Tulelake farmer Rob Crawford explains
how charges for operation and
maintenance are billed to irrigators
within the Klamath project.
Water users describe efficiency of complex
By STEVE KADEL Capital Press
KLAMATH FALLS, Ore. – The Klamath Reclamation
Project is a complex system of canals that
routes water from Upper Klamath Lake on the
west and Clear Lake and Gerber Reservoir on
the east through cropland and wildlife
refuges, eventually returning most of it to
the Klamath River.
It was one of the first federal reclamation
projects created under the Reclamation Act of
1902. As a result, several marshes and lakes
were turned into land that could be farmed,
while other areas became waterfowl refuges.
The “project,” as it is known locally, also is
Environmentalists contend it takes water that
the Klamath River needs for salmon. That
assertion was voiced last week by Oregon
Natural Resources Defense Council spokesman
Jim McCarthy after Oregon and California
public utility commissions voted to raise
project irrigators’ electrical rates to a
level paid by other irrigators.
“The return of a level playing field for
irrigation in the basin will encourage more
efficient water use, and that will have a
positive effect on flows in the river and help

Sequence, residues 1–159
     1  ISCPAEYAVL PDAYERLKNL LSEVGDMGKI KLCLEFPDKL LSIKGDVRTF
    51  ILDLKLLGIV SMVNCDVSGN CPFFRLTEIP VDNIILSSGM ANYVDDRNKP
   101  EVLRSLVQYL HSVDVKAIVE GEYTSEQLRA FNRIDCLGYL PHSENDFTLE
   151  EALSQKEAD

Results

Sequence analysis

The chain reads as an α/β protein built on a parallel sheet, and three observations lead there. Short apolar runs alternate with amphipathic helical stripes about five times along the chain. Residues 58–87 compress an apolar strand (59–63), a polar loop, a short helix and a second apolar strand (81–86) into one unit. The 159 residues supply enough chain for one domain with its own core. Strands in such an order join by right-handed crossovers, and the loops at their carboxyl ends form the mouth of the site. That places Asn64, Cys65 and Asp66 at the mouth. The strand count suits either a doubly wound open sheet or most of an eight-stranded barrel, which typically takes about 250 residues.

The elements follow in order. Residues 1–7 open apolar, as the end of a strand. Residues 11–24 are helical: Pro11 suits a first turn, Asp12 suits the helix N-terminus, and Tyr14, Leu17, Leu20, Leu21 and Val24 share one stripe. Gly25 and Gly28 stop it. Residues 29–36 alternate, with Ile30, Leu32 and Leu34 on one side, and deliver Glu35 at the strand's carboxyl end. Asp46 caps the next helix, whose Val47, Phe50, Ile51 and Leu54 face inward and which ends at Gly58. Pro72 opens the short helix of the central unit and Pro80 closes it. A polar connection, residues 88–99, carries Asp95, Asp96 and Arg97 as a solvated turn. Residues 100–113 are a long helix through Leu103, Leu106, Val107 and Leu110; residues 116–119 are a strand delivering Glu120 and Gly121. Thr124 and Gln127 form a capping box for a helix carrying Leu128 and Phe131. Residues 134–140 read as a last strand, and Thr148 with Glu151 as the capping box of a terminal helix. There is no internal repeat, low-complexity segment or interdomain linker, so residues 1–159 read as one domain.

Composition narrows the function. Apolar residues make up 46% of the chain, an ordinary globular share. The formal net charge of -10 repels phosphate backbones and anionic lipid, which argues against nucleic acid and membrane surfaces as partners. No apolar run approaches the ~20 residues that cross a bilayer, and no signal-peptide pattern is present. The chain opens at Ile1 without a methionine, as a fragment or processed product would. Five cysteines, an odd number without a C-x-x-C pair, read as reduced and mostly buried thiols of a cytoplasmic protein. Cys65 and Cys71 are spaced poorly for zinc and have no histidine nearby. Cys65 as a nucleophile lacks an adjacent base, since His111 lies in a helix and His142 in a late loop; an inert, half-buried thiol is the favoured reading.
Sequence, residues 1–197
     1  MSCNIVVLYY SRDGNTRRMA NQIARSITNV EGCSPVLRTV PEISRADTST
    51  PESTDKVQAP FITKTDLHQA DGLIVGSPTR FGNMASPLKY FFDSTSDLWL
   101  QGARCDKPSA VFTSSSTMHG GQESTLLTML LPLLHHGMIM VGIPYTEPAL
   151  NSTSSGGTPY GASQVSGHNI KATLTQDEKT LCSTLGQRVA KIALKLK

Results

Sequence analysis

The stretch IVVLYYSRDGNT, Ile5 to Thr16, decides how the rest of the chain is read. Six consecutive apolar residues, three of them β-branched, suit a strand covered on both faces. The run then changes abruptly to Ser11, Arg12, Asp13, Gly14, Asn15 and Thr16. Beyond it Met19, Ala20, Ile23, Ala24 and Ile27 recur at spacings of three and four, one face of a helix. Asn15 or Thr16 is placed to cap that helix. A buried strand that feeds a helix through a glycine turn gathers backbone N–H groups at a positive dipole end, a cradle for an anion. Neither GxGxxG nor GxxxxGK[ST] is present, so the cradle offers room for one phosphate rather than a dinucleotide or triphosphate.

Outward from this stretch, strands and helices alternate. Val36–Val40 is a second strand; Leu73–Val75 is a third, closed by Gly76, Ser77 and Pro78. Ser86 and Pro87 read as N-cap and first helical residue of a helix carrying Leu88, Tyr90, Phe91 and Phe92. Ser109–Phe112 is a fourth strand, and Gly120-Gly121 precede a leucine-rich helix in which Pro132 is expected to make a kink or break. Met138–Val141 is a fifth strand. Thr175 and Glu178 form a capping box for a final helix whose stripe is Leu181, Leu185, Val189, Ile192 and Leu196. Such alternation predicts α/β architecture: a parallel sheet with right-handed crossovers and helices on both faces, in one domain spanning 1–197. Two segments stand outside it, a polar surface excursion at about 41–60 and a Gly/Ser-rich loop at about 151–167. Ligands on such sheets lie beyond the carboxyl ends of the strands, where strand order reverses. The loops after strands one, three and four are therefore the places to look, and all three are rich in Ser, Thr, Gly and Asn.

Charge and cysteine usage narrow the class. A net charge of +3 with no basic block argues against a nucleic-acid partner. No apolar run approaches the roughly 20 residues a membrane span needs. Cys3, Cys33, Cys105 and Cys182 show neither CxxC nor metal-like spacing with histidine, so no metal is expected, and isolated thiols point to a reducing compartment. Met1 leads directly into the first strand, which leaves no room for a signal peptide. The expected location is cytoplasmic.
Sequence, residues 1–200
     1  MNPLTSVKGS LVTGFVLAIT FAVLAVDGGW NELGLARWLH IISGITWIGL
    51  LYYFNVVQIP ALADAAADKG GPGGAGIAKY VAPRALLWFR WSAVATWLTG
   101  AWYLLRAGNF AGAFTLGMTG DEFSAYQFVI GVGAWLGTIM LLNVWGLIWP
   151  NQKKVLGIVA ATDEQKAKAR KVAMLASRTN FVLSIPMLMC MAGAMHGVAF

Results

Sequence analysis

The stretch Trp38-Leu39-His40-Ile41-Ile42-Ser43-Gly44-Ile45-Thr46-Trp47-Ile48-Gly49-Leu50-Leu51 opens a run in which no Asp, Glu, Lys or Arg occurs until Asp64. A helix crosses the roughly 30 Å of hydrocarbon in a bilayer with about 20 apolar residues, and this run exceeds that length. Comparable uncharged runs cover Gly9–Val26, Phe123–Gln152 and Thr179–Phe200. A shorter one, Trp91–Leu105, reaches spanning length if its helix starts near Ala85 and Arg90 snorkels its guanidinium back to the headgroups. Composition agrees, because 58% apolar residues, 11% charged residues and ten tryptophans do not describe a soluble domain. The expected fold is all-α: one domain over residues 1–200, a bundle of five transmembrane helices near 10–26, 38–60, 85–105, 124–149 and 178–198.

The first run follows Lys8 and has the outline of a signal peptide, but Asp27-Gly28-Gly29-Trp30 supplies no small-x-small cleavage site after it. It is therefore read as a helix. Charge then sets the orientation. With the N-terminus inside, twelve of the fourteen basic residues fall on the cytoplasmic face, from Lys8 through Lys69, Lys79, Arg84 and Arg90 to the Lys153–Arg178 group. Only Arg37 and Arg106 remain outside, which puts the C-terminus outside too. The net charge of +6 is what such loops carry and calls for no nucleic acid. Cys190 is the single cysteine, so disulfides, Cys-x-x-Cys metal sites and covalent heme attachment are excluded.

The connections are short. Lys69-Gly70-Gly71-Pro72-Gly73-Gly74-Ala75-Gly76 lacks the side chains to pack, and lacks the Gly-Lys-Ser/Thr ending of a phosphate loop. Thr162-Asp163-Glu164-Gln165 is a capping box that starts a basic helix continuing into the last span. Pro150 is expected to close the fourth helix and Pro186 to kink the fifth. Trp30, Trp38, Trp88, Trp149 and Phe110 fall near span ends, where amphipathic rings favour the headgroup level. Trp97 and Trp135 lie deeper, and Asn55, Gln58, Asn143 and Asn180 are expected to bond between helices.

salmon,” he said. “The subsidized rates
basically encouraged waste and allowed
irrigation on marginal land.”
Project farmers bristle when they hear such
comments. Last week, after the PUC decisions,
the Klamath Water Users Association took news
reporters on a tour of the sprawling U.S.
Bureau of Reclamation project’s plumbing
Bob Gasser, a KWUA director, called the system
highly efficient. It returns 93 percent of the
water it takes from Upper Klamath Lake and
empties it into the Klamath River. It also
adds water from the east side that once flowed
into a closed basin at Tule Lake.
What he calls the “93 percent utilization
rate” compares with an average of 60 percent
for other irrigation systems, Gasser said.
The project kept 25,000 acres of the 188,000
acres of crop and pastureland out of
production from 1996 to 2000 for habitat
restoration, he said.
“We’re trying to do everything we can because
this is our livelihood,” Gasser said.
Greg Addington, the KWUA executive director,
said improving conditions for salmon depends
on an ecosystem approach rather than focusing
attention only on the Klamath Project.
“Focusing on one aspect of a complex river and
ocean ecosystem is irresponsible, negligent
and will do nothing for the overall health and
recovery of salmon,” Addington said.
“All stressors to fish – including dams,
disease, predation, ocean conditions, drought,
historic watershed and habitation
modifications – must be considered.”
Many of today’s project farmers are
descendants of homesteaders invited to take up
reclaimed land. The first public lands became
available in 1917 and continue to be farmed by
Of the 188,000 acres in the project, about
two-thirds are in Oregon and one-third in
California. Water is used seven to nine times
before reaching the Klamath River, farmers
They also said the water is colder when it
goes into the river than it is coming out of
storage in Upper Klamath Lake.